The Indiana Supreme Court Disciplinary Commission brings charges against attorneys who have violated
the state’s rules for admission to the bar and Rules of Professional Conduct. The Indiana Commission on Judicial Qualifications
brings charges against judges, judicial officers, or judicial candidates for misconduct. Details of attorneys’ and judges’
actions for which they are being disciplined by the Supreme Court will be included unless they are not a matter of public
record under the court’s rules.
256 attorneys are suspended for failing pay the annual registration fee required to be licensed to practice law in Indiana or to file an exemption affidavit as contemplated by Indiana Admission and Discipline Rule 2, according to a May 14, 2010, Supreme Court order. The order also suspended certain attorneys who failed to comply with the continuing legal education requirements of Admission and Discipline Rule 29, Sections 3 or 10.
Although the suspension is effective on the date of the order for purposes of reinstatement procedures, the proscription against the actual practice of law will go into effect at 11:59 p.m. June 7, 2010. The delay will allow time for copies of the order to be sent, received, and acted upon by suspended attorneys.
To be reinstated, an attorney must comply with applicable reinstatement procedures and by paying any applicable penalties. The reinstatement procedure for nonpayment of attorney fees is in Ind. Admis. and Disc. R. 2(h). The reinstatement procedure for failure to comply with continuing legal education requirements in found in Ind. Admis. and Disc. R. 29, Section 10(b).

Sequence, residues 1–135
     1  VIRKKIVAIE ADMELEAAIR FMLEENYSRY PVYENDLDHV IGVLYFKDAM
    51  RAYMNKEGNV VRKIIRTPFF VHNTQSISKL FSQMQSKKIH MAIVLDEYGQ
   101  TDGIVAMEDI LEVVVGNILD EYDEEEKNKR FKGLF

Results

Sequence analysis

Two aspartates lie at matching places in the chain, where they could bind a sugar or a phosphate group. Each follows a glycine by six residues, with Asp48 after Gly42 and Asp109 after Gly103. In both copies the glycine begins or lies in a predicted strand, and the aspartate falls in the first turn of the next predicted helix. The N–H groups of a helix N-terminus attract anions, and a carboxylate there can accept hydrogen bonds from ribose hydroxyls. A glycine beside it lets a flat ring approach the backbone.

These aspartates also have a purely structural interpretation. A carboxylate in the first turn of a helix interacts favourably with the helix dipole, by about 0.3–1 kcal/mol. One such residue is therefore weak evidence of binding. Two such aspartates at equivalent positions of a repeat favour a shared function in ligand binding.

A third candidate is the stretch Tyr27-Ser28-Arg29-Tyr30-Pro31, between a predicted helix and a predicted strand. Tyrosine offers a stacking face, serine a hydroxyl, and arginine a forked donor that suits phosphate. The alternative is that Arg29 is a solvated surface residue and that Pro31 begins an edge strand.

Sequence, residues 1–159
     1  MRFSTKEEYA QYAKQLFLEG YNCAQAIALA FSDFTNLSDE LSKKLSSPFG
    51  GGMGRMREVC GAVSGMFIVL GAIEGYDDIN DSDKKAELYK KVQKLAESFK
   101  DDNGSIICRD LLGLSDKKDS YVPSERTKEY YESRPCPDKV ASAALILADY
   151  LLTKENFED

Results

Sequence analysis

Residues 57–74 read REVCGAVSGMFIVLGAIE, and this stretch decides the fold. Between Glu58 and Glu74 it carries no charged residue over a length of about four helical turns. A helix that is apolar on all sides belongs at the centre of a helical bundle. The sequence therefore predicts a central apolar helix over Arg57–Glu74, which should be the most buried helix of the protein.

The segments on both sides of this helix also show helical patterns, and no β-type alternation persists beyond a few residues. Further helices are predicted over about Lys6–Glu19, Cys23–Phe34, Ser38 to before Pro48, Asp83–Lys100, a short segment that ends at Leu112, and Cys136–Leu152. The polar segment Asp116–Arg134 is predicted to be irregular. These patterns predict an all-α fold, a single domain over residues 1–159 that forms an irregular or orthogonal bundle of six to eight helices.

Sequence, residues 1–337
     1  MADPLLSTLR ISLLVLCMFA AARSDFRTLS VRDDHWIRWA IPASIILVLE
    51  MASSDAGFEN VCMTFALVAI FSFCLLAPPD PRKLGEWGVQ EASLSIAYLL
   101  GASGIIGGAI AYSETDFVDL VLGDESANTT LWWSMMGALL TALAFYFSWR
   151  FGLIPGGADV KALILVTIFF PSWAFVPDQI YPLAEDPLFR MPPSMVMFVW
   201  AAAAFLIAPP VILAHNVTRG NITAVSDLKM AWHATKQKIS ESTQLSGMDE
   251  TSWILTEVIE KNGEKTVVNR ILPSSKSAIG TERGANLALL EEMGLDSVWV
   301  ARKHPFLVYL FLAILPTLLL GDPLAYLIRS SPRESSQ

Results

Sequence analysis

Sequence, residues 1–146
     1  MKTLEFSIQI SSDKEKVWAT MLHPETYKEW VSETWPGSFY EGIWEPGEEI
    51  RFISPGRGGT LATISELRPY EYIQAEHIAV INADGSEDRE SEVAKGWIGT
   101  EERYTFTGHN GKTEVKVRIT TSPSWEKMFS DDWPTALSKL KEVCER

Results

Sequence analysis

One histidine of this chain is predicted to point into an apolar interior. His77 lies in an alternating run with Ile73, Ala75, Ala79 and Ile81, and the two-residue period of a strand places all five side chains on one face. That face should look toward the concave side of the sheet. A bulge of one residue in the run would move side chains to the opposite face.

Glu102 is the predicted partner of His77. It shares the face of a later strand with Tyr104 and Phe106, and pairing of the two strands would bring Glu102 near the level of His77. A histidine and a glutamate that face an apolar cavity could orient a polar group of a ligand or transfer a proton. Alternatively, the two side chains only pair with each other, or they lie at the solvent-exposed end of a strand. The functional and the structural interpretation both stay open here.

If the Disciplinary Commission decided sufficient reasons existed to grant requests for extensions of time in which to comply with the continuing legal education requirements, those attorneys’ names were not included in the order, the court noted.
The list can be found at www.in.gov/judiciary/orders/other.
Stacy L. Kelley of Marion County has been publicly reprimanded, according to a May 7, 2010, Supreme Court order approving statement of circumstances and conditional agreement for discipline.
Kelley violated Ind. Prof. Cond. R. 8.4(g).
In June 2008, Kelley began receiving on her unlisted phone number persistent pre-recorded messages from a company seeking a person by the name of Kelley’s husband. She and her husband agreed that she would call the company at the toll-free number given in the messages. Accordingly, she called the number and spoke to a male representative of the company, identifying her husband as a client. Noting what she thought was a feminine-sounding voice, she gratuitously asked the company’s representative if he was “gay” or “sweet,” according to court documents. After the representative commented on the unprofessional nature of this inquiry, the phone conversation ended abruptly.
Mitigating facts are Kelley has no disciplinary history; she cooperated with the Disciplinary Commission; she has a history of providing service to the legal profession; her comments were made after enduring harassing phone calls to her home; and she demonstrated remorse by apologizing to the company representative.•